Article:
Okay, no, nothing new looks good on NBC. They've lost me on Monday by canceling Heroes, which I guess is fine, since CBS (How I Met Your Mother) and ABC (Castle) already have me there. I'm also irritated about Parks and Recreation, currently NBC's best Thursday comedy, not coming back in the fall--it won't be on until January--so as far as I'm concerned, they just gave me another free 30 minutes on Thursday. The show's replacement, Outsourced, looks pretty lame.

I hope The Office is better next year...

Who cares?

Actually, there is one show I'm going to try out: Running Wilde, from Will Arnett and Arrested Development creator Mitchell Hurwitz. It's solely because of that collaboration. It sounds kind of hackneyed, but Will Arnett is almost always good.

There's another Hell's Kitchen coming in the fall. And one this summer. That's all I want from Fox, frankly.

I want to be excited about No Ordinary Family, the superhero show with Michael Chiklis, but I doubt its chances of survival. I'm looking forward to seeing the promos. It seems right up my alley, doesn't it?

I'm not sure I like The Big Bang Theory moving to Thursdays, but I understand why CBS would do it. NBC's Thursday night line-up has always had this air of prestige around it, ever since I was a kid, but they're very vulnerable right now, so it's a good time for a competitor to move in with sitcoms of their own--especially one that's already proven popular. Putting it up against Community seems risky, I guess, but I despise Community, so it doesn't really move me. If Bog Bang does badly there, it's popular enough that CBS will move it back to Mondays.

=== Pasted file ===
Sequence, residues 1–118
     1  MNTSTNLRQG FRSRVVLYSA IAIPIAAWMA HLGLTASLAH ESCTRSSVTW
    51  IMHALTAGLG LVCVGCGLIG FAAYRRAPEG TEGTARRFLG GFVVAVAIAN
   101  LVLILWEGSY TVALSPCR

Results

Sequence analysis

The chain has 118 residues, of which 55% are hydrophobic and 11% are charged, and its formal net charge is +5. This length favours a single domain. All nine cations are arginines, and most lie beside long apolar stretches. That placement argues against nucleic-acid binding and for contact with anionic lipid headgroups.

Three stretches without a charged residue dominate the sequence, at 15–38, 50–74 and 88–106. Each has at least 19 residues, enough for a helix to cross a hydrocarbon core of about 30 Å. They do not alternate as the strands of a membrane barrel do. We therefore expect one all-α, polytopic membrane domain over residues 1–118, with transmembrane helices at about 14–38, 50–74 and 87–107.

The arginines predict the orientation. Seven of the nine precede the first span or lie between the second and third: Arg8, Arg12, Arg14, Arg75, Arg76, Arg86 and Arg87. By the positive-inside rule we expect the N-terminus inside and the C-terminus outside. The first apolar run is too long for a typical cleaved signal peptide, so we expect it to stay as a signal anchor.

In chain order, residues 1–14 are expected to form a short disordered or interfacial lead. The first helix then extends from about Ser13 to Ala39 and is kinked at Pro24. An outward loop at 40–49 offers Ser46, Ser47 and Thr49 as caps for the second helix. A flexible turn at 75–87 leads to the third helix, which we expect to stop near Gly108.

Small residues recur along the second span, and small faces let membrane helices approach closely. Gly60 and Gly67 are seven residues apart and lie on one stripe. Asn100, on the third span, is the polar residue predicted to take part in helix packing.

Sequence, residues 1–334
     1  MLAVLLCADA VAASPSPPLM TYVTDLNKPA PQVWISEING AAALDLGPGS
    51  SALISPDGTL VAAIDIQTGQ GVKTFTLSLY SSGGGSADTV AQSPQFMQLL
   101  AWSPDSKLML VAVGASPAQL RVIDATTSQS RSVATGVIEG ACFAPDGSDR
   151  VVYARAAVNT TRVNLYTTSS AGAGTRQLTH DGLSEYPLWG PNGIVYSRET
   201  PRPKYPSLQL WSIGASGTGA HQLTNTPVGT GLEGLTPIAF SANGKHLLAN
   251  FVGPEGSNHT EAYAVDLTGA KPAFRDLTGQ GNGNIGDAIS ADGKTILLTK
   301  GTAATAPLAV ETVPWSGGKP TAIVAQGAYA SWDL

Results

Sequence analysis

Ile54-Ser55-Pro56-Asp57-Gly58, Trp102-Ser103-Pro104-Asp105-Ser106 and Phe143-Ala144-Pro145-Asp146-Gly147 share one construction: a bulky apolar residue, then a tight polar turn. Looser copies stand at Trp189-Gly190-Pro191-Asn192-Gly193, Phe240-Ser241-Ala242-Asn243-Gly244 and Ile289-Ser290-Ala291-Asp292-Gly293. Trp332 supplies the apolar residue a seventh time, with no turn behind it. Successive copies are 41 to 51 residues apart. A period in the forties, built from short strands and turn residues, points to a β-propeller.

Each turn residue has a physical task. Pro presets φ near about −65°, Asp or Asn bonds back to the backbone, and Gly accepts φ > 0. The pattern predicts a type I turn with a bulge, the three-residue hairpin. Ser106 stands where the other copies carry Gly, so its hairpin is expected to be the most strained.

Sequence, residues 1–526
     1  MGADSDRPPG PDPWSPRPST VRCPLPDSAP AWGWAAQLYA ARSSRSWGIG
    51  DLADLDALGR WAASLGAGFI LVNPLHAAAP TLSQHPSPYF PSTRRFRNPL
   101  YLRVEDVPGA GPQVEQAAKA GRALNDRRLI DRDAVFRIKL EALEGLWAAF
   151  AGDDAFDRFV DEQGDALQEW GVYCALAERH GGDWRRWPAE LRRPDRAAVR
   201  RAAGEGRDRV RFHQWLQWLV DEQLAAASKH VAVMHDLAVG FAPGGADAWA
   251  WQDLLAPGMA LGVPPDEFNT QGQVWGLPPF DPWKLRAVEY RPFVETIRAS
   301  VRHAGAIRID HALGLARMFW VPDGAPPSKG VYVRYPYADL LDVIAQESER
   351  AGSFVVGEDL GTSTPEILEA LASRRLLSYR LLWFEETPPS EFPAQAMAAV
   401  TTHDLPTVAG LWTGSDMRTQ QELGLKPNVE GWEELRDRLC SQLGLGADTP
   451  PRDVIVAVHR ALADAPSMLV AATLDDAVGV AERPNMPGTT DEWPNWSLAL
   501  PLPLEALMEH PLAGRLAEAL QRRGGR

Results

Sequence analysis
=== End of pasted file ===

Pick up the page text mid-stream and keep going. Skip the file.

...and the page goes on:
CBS is following that with Shit My Dad Says (I refuse to refer to it with typewriter symbols or the infantilizing word "Bleep"), based on the very funny Twitter and starring William Shatner as the dad. Yeah, that needs to be watched. I'm excited about this one. I'm sure it will fail, but I want to be there for every moment. In fact, I'm weirdly hoping it will be epically awful.

Damn it; they lost me by canceling Reaper, but they won me back with Hellcats, a show about cheerleaders with Aly Michalka and my beloved Ashley Tisdale. So... yeah, I'll be watching that. No joke, I've seen Hayden Panettiere in Bring It On: All or Nothing about 40 times on E!, ABC Family, etc. And that movie pretty much sucks, but has Hayden as a cheerleader. So... yeah. Yeah. ... yeah.

I Want This Technology...

"Tell you what: when I can reach into the TV, grab the back of Alyson Michalka's head, and make her go down on me, THEN I'll consider buying a 3D television. Until then, no way." -- BECCA